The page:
So God sent me Steve Brown's blog to crush what was left. He was reflecting on the parable of the sower and saw for the first time that he was focusing on the wrong part of the story.
So Jesus looked at them and said, "Let me tell you a story." He told
them about an unsuccessful sower. As I count the seeds in the parable, only 25% of the seeds grew to harvest and the rest died.
You've probably heard me say that if you get 51% in a fallen world, you should file it under success. Let me tell you something else. If you're a farmer and you get only 25%, you probably should give up farming.
Now let me tell you what I learned when I started thinking about the sower.
First, I learned that if you can't deal with failure, don't play the game.
I'm reminded of the priest who, when he began his ministry at 20, prayed, "O Lord, grant that I may win the world to Christ." When he was 40, he prayed, "O Lord, grant that I may win my city to Christ." When he was 50, he prayed, "O Lord, grant that I may win my church to Christ."
When he was 60, he prayed, "Lord, don't let me lose too many!"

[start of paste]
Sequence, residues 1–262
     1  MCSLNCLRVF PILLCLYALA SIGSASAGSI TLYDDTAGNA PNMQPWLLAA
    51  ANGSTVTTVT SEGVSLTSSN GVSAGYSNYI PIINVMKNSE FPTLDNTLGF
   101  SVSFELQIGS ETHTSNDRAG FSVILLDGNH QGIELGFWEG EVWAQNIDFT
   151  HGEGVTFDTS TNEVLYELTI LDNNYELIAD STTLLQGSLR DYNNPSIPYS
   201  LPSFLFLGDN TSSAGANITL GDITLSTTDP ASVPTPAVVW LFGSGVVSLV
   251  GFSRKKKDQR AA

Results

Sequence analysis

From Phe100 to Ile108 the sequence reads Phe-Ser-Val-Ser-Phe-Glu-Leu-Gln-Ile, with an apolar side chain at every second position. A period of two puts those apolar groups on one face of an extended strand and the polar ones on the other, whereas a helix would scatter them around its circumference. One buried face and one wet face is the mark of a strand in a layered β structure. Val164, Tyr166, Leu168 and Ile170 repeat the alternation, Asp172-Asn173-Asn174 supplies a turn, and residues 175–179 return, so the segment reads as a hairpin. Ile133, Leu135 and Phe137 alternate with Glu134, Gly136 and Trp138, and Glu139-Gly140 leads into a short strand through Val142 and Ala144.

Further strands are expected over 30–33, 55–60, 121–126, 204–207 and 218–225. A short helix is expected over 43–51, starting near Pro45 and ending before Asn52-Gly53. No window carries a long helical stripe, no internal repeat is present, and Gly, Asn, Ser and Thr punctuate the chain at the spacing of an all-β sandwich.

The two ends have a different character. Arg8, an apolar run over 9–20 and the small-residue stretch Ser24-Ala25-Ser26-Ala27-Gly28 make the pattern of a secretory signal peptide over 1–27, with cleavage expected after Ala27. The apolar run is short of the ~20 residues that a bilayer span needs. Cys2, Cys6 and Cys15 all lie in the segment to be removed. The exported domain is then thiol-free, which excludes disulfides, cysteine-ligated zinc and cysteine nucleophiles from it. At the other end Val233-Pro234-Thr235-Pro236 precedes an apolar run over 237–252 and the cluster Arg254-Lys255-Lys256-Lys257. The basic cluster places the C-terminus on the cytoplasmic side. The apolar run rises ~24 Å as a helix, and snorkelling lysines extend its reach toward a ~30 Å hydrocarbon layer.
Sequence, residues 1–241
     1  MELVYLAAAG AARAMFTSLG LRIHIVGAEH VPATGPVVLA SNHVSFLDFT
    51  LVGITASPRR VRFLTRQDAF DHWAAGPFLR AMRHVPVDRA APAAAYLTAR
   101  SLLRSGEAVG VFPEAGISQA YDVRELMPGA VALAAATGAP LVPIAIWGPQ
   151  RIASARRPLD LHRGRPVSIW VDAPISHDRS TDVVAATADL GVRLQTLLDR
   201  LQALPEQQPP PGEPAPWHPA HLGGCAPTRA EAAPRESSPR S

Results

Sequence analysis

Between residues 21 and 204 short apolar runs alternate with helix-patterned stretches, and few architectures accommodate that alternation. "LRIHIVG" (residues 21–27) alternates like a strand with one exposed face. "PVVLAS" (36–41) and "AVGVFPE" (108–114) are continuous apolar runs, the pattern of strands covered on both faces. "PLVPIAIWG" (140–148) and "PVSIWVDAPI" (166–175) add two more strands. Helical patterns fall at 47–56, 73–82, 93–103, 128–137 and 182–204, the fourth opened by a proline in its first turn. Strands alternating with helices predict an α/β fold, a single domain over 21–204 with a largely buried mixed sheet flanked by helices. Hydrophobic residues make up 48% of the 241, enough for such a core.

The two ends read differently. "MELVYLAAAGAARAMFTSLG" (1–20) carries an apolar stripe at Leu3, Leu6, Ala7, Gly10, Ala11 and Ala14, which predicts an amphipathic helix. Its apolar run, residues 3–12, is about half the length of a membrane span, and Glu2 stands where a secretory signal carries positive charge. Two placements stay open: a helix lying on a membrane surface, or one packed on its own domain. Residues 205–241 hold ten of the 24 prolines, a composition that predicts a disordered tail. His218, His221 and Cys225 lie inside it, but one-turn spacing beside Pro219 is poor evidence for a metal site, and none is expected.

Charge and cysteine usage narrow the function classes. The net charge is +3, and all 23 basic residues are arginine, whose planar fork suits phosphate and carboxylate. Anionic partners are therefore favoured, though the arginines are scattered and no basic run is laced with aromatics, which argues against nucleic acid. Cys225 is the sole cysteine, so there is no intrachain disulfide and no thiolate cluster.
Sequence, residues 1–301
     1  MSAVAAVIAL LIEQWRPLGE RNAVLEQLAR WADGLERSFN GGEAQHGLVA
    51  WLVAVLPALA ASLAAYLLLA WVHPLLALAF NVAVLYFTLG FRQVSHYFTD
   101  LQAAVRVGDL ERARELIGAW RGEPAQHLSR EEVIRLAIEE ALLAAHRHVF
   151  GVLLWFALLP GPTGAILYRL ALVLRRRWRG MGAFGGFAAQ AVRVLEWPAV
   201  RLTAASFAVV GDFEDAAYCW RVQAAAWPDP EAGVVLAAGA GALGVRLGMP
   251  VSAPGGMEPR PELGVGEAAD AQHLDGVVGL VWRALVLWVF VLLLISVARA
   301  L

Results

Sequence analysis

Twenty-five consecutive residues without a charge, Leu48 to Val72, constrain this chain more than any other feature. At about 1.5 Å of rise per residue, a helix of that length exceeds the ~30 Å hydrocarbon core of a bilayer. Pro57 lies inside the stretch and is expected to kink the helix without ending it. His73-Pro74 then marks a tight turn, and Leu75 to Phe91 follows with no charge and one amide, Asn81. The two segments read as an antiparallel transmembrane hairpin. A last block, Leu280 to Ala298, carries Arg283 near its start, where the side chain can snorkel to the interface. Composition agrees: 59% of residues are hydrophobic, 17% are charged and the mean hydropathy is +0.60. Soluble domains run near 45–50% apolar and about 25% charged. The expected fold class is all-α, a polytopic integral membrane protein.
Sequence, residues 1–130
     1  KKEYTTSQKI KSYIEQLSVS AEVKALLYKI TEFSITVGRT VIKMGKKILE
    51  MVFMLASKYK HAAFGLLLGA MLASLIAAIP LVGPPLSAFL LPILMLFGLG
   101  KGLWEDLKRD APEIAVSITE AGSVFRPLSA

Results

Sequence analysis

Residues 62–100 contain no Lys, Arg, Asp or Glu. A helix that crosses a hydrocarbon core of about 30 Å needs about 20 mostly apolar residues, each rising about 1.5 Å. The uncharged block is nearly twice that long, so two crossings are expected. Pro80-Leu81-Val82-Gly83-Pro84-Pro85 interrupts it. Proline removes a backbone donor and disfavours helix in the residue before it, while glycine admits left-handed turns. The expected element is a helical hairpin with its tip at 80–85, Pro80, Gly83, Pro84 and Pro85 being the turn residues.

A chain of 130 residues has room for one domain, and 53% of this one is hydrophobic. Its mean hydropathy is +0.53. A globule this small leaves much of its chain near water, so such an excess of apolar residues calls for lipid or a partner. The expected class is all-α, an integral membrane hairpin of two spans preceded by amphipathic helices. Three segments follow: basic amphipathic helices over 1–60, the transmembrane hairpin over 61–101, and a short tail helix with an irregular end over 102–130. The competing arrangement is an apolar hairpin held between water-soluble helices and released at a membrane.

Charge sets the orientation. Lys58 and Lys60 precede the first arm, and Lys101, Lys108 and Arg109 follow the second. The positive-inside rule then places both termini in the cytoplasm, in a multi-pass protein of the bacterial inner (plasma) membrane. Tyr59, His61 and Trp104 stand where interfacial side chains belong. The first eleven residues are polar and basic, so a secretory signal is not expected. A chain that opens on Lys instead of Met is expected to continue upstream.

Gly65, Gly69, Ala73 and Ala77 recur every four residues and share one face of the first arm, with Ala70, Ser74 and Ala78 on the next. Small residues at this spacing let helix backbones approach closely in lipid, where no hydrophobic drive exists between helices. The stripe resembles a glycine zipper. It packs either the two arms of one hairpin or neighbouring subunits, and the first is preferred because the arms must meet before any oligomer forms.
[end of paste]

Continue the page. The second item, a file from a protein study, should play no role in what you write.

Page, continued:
I tell my students that if they have biographies of "famous Christians" in their libraries and those books don't tell about the failure and the sin, they should burn the biographies. The ones that don't tell you the truth about the humanness of being human will make you go into vinyl repair.
I also learned from the parable of the sower that I don't own the farm or the seeds. I'm just a "hired hand."
And then this...
Oh, and I learned one other thing from the parable of the sower. I learned that one should never define oneself by the seeds, the soil or the harvest. If you define yourself that way, sometimes you'll feel that you're "pond scum" and at other times you'll think they ought to expand the Trinity to make room for you.
Both are inappropriate for a Christian.
The only appropriate way for a believer to define himself or herself is by the One who loved us enough to make us acceptable and to give us the seeds to sow. Wherever you are, just throw the seeds God gave you. It doesn't take a brain surgeon to do that and you don't have to be trained at a leadership seminar. All you have to do is to take the seeds God gives and, wherever you are, throw them on the soil.
And don't keep digging them up to see if they're growing. That's not your concern.
He asked me to remind you.
New Hope is not mine, and I don't have a congregation. God does. He's the owner of the field and the giver of the seeds. I can be passionate, skillful, winsome and wise and some seeds won't thrive, and I can be none of those and some will.
My job is to love God fiercely, and through that love, love the ones He's given me and help them grow. Sometimes I just need to remember the limits of my job description.